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‘Yooka-Laylee’ and six design choices we hope Playtonic Games implements




I backed Yooka-Laylee within hours of it being revealed by a group of former Rareware developers [now calling themselves “Playtonic Games” ]. I grew up on Rare’s 3D platformers, and the possibility of game industry veterans making a spiritual sequel to Banjo-Kazooie has me legitimately more excited than any other game coming out in 2016. 18 years later, that original title has held aged remarkably well and stands as one of the prolific studio’s crowning achievements.

Even if it weren’t being made by old masters, I’d still be excited for any new upcoming 3D platformer because it’s a genre that’s all but died out. Whatever survivors there were seem to get by on brand recognition or by adapting to new trends in gaming. That’s not a knock against those games mind you, but it just feels like no one’s been able to fill that particular void in gaming left by Rare ever since they got consumed by Microsoft.

What little has been shown of Yooka and his winged buddy looks promising, but my cynical mind also remembers the last time I was teased with the return of everyone’s favourite bear and bird duo and how that turned into a car building simulator. I’d also argue that there was more to the original game than having a world where everything had google eyes and spoke in odd murmurs. With that in mind, here are 6 design choices that I think Yooka-Laylee needs to implement to truly capture the spirit of Banjo-Kazooie.


1. Make Each World Feel Unique

Banjo Kazooie’s level design borrows elements from Mario and Zelda titles. Like the former, there are plenty of wacky and crazy challenges, but they’re weaved together with a sense of consistency that fits the latter. These days, games with a big cohesive world tend to become sandboxes, which have only gotten bigger and more realistic with newer technology. As impressive as that is, there’s more to making a game world interesting than just having a lot of believable ground to cover. For all of the work Assassin’s Creed puts into nailing its historical settings, the environments blur together due to how repetitive they are. That makes it really difficult to develop a complete sense of geographical awareness and is sadly why “objective markers” have become so prominent recently. Banjo Kazooie had no need for those though since every corner of the map had something unique and distinct to look at. This not only made it easy to recognize where you’ve been, it made you anticipate each new thing coming around the corner. Even a level like “Click Clock Wood”, which is literally the same map repeated 4 times, managed to avoid staleness. Each version had a different aesthetic related to the 4 seasons and said season would inform how you could travel and which puzzles could be solved. Hell, the game’s locations were so memorable that the developers were even able to quiz the player on them near the end of the game. [Side note: more games should have deadly quiz shows as a lead-in to the final boss]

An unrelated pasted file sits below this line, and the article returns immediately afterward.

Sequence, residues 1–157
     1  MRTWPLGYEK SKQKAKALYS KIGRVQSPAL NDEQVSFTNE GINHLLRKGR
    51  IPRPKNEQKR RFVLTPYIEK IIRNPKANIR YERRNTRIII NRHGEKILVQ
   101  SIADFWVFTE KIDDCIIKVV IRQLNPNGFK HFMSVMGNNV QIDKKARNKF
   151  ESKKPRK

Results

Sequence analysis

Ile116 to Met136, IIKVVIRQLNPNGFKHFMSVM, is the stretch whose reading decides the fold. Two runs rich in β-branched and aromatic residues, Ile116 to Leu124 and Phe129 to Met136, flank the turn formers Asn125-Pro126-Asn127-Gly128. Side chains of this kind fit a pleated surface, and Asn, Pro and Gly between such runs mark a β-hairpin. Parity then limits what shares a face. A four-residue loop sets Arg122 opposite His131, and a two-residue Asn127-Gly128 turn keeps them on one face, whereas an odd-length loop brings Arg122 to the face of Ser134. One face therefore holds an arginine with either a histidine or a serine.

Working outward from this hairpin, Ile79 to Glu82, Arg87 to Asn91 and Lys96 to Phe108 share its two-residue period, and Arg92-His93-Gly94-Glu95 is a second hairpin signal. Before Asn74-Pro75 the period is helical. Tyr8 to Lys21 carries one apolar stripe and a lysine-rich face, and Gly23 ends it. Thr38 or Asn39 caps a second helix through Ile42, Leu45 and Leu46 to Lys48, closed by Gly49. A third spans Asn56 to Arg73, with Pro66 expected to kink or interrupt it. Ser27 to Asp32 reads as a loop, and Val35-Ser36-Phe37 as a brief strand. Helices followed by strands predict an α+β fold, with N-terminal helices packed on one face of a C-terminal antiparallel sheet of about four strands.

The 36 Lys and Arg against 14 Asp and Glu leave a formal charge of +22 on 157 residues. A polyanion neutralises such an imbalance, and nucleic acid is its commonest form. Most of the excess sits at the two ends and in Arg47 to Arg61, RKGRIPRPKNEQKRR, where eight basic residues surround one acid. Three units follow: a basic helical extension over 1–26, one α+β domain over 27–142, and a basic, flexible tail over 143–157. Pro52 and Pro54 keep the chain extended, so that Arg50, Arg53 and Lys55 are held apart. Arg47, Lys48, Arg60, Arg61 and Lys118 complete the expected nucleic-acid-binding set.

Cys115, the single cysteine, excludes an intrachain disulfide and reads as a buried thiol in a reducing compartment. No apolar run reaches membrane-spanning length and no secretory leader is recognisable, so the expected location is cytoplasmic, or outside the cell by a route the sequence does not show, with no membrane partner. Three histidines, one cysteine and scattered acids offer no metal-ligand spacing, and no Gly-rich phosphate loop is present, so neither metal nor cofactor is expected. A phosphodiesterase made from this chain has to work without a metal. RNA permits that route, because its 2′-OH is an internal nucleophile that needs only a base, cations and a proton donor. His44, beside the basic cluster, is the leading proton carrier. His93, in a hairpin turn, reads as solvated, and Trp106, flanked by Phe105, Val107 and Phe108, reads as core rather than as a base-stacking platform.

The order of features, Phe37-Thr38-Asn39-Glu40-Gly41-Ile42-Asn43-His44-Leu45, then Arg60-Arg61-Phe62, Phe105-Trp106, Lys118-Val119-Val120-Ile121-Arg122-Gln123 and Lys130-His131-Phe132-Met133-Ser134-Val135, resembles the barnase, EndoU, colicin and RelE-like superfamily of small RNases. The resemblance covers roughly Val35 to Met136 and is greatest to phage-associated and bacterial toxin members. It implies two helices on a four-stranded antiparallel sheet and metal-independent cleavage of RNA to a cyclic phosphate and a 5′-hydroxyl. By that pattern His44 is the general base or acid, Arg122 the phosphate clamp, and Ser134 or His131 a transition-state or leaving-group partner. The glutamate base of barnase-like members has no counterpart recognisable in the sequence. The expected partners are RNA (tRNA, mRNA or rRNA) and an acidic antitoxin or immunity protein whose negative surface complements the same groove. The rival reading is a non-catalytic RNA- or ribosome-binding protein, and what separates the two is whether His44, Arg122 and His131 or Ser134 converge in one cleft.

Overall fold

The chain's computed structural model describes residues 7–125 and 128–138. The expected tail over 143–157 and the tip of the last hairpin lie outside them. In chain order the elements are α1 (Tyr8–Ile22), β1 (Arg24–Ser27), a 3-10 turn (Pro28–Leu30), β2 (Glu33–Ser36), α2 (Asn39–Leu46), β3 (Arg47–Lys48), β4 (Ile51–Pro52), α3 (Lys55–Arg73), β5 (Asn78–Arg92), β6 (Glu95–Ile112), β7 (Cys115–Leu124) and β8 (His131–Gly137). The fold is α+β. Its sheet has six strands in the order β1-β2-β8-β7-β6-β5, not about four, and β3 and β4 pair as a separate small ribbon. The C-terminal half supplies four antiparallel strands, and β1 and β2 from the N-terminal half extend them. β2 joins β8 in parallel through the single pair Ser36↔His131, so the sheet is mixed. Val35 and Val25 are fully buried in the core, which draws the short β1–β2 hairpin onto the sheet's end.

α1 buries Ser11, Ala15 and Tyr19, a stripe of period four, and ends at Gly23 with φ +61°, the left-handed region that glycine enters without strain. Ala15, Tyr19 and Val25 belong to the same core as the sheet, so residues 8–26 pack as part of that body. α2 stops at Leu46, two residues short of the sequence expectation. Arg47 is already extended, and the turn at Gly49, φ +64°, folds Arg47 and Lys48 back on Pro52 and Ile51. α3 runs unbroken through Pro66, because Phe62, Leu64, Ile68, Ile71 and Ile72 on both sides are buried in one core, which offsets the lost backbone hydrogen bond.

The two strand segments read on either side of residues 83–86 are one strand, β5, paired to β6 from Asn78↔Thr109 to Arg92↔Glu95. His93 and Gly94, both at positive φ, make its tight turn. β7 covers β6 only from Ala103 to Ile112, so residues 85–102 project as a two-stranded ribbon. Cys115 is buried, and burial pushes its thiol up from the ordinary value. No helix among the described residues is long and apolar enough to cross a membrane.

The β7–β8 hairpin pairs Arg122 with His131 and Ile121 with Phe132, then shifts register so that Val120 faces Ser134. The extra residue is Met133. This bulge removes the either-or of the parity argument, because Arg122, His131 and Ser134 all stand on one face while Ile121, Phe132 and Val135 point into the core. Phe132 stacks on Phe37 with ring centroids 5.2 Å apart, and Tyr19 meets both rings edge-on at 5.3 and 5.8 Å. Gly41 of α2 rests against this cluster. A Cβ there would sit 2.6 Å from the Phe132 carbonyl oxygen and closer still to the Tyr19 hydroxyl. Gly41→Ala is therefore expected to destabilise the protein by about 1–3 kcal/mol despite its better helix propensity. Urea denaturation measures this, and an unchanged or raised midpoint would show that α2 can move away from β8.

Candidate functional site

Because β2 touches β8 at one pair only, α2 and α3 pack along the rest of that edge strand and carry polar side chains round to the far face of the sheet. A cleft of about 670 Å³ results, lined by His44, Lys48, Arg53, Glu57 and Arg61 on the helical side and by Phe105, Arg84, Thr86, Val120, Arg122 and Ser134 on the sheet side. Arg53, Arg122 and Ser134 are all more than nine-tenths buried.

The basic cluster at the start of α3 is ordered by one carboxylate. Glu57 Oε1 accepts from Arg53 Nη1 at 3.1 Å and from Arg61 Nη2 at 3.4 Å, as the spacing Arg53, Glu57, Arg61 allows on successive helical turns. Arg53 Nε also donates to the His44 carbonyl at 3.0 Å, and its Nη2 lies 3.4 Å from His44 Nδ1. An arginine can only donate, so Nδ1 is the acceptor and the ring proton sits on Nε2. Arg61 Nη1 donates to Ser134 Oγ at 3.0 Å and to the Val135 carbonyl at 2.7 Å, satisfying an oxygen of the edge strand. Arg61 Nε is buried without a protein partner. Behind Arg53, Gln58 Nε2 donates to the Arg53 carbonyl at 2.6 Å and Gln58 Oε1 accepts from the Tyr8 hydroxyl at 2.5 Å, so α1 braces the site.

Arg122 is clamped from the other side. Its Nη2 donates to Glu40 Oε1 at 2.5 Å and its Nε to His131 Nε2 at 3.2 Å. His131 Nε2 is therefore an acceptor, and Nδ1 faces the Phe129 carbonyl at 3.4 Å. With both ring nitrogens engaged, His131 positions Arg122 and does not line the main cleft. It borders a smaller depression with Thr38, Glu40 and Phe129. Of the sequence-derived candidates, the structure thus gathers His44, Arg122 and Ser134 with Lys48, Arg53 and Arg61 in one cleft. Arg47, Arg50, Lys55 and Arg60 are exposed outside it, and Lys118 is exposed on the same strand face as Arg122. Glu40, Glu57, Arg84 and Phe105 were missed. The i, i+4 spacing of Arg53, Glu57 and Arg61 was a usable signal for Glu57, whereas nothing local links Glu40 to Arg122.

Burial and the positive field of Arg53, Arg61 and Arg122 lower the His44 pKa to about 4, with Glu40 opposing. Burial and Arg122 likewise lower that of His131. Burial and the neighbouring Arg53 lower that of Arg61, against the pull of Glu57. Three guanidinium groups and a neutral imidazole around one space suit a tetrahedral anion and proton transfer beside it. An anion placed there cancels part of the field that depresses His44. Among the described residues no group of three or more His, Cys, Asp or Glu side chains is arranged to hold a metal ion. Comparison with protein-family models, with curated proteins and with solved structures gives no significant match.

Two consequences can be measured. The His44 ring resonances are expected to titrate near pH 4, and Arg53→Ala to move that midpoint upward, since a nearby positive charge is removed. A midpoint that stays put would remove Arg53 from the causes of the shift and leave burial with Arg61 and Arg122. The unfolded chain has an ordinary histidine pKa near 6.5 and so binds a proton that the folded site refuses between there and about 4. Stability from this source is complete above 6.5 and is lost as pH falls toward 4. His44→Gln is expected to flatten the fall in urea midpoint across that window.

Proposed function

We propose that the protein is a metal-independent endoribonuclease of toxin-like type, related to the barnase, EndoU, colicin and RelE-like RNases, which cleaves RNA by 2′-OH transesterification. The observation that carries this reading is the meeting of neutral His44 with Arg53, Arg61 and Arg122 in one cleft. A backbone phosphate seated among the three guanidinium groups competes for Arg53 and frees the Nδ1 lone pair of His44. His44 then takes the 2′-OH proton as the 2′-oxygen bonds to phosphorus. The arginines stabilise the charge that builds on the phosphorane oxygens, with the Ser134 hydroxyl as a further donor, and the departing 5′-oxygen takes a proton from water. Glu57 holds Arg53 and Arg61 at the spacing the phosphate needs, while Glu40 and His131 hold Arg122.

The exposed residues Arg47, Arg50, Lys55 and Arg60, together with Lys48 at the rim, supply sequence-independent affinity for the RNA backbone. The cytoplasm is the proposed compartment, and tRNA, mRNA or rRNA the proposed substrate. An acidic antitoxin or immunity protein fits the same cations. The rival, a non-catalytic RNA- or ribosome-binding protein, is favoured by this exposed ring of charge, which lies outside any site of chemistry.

2. Make Exploring the Worlds fun

Going back to the aforementioned comparison, like Mario you have a lot of moves from the onset that all effect your traversal [different jumps, ground pounding, rolling, etc.], while, like Zelda, you’re constantly learning new moves and abilities. In that specific case, though, most of the upgrades were used solely to unlock the next section. They usually don’t make the traversal itself more fun. It also doesn’t help that you only can only quickly access a handful of them without having to navigate menu screens. Granted, that’s fine for the type of genre Zelda occupies, but for a platformer, it would have completely killed its flow.

Actually; quick digression on flow because it’s sort of a hard concept to pin down… The ideal platformer is one such that movement through the level has an almost musical rhythm to it [see Rayman Legend’s music levels for a literal example]. Preserving that sense of momentum with your character is in the back of the player’s head at all times. They should always be thinking: “yeah, I did well, but could I have done it better?” Consequentially, this means that there needs to be some challenge in pulling it off to make this sensation gratifying. Going back to what I said about Assassin’s Creed, the initial thrill of clambering around rooftops dissipates when you realize how little thought or skill is required to get anywhere. Hold one or two buttons and hold the joystick forward, and the rest of the game will practically play itself. It’s also worth pointing out that simply getting from point A to point B faster isn’t a solution to maintain flow if it’s at the expense of bypassing the levels themselves [see Batman’s zip-line glide in Batman: Arkham City].